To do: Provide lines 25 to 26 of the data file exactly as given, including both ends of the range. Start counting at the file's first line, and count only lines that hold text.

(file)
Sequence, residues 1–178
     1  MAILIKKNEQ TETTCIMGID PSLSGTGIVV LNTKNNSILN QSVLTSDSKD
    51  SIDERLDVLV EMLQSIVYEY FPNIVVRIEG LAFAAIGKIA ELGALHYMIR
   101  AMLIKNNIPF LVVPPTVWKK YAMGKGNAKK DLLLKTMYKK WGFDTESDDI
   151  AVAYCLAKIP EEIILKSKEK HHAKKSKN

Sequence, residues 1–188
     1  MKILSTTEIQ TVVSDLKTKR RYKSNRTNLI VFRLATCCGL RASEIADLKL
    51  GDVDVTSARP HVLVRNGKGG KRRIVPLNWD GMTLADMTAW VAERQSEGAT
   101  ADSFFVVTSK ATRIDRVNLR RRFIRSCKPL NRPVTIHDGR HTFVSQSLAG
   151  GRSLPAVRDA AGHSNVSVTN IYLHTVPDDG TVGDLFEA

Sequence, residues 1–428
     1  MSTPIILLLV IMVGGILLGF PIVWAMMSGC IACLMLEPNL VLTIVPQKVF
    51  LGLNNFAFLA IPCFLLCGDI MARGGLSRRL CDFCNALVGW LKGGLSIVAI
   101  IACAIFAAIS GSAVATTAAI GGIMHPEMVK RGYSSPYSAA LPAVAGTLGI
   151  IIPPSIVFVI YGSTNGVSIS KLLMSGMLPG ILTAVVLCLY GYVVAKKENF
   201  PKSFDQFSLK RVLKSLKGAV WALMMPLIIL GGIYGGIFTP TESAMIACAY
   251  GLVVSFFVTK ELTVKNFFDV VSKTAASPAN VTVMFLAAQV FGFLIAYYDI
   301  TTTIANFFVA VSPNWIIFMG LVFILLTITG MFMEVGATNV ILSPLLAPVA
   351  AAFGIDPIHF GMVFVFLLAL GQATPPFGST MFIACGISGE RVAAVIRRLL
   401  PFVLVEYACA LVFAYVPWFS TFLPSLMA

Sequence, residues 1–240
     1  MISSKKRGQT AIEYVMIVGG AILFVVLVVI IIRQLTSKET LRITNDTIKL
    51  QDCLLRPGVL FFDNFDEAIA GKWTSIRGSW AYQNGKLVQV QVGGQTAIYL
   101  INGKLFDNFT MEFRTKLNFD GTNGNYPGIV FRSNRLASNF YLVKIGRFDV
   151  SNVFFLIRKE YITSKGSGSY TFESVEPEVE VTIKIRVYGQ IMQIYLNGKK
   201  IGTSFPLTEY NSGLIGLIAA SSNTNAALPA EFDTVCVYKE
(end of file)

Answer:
   151  SNVFFLIRKE YITSKGSGSY TFESVEPEVE VTIKIRVYGQ IMQIYLNGKK
   201  IGTSFPLTEY NSGLIGLIAA SSNTNAALPA EFDTVCVYKE